MercyCare / News / A look at the Sister Martin Kelly Centre

A look at the Sister Martin Kelly Centre

If you have been to our site in Wembley recently, you would have noticed the newly restored Sister Martin Kelly Centre (a building recognised by the Heritage Council of WA for it's historic and cultural significance) at the centre of the property.

Flanked by stands of historic olive trees, the limestone building was designed by Andrea Stombuco and constructed by David Grey in 1892. It was officially opened by the Bishop of Perth in January 1893 as a school house for the Subiaco Boys Orphanage (to 1901), which was managed by the Sisters of Mercy.

It was variously used as a school and chapel for the boys orphanage and later the St Joseph’s Girls Orphanage (1901-1971).

The orphanage closed in 1971 and in 1989, the building was renamed the Sister Martin Kelly Centre, in honour of Sister Martin Kelly RSM (1930-1987), who was the principal driver behind the administrative changes that saw the closing of St Joseph’s Girls Orphanage and its rebirth as the Catherine McAuley Centre, a family-oriented community service for children in need.

The Catherine McAuley Centre is now the MercyCare Wembley site, home to our Residential Aged Care facility and vibrant Early Learning Centre.

In August 2012, the historic significance of the Martin Kelly Centre, and the Wembley site as a whole, was recognised with entry onto the State Register of Heritage Places.

In recognition of its historic importance, MercyCare made the decision to embark on a large-scale conservation program at the Sister Martin Kelly Centre, with priority given towards preservation of the existing building fabric.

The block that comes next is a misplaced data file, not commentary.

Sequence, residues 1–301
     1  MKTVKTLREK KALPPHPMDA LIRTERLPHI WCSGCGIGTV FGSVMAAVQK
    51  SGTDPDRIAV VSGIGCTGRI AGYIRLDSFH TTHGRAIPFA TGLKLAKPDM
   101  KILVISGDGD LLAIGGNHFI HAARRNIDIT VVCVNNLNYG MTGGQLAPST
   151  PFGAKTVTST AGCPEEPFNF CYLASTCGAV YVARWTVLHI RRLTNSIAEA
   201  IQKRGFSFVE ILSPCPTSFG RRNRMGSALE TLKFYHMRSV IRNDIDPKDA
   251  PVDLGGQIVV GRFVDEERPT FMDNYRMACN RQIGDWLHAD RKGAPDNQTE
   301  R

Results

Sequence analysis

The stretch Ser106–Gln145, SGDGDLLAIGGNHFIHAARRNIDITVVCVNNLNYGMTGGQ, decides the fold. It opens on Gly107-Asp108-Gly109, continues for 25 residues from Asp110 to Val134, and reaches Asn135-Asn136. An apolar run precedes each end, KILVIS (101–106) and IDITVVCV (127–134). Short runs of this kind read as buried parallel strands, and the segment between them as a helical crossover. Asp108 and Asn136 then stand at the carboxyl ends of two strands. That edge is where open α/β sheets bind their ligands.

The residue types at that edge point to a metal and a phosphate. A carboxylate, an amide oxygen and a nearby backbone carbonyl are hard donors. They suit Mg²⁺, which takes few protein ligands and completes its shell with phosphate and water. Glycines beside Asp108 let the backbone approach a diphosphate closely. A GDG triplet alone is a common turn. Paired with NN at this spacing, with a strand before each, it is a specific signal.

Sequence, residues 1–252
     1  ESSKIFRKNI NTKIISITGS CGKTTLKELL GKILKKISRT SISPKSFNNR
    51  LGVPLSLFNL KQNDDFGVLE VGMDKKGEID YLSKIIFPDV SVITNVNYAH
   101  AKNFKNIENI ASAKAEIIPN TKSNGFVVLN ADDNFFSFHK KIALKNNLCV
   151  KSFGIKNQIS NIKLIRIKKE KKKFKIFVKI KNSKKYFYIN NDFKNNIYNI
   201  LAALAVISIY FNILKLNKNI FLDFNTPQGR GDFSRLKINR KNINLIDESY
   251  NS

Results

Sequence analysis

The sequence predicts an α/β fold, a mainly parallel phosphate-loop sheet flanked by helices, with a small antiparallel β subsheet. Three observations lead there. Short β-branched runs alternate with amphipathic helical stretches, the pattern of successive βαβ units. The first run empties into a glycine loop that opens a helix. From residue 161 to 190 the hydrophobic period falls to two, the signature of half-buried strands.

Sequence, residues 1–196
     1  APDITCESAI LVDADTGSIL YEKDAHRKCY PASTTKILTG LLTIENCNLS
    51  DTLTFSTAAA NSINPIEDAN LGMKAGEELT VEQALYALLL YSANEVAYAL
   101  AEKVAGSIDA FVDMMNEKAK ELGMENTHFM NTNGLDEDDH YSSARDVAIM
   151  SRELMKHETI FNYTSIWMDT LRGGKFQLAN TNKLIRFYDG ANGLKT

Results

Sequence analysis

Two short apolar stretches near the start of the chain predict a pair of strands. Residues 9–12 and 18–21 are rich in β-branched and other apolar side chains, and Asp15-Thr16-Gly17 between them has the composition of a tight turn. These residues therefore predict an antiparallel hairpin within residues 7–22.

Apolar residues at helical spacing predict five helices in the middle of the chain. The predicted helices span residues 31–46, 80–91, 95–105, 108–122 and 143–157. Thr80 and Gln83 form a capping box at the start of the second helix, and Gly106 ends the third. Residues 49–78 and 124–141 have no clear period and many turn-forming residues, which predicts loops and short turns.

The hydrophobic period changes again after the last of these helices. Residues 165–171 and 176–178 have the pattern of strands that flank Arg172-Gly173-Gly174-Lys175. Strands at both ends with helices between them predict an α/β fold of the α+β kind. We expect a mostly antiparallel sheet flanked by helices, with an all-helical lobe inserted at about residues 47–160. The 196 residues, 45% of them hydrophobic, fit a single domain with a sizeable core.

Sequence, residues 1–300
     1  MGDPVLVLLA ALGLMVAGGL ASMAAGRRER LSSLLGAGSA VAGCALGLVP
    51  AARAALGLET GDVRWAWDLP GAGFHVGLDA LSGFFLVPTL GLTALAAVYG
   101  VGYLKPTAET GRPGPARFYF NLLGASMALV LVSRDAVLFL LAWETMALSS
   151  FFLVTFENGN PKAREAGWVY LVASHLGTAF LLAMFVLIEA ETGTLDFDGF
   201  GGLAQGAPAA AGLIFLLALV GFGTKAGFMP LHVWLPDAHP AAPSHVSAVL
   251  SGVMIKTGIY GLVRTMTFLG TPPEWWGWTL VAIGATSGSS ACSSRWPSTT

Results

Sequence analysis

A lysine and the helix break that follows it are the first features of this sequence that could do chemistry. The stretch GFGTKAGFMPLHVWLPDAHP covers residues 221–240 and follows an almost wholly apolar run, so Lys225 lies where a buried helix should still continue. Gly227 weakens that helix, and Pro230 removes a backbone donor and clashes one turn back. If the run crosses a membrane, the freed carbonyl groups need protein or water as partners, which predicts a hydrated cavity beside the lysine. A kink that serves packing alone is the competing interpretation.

Works took place from March 2016 to November 2017 and required significant elements of preservation and reconstruction, including restoration of the timber floor, joinery, exterior wall coatings and roof cladding, to accurately represent the cultural significance of the building.

The distinctive windows needed major reconstruction to reverse rotting and termite damage, with bespoke window frames recreated by traditional carpentry methods and the original blue/clear glass pattern reconstructed by combining salvaged original panes with modern reproductions.

The introduction of modern and required functionality, such as mechanical systems, audio-visual equipment and a kitchenette was detailed to minimise direct impact on the original building fabric.

The Sister Martin Kelly Centre conservation project has been led by MercyCare, in collaboration with Bernard Seeber Architects and Colgan Industries.

Earlier this year, the project was award the Judges’ Choice at the 2018 WA Heritage Awards and has been nominated for the 2018 Master Builders Association (WA) Excellence in Construction award.

The reopening of the centre was officially blessed by Archbishop Timothy Costelloe at a ceremony in June 2017.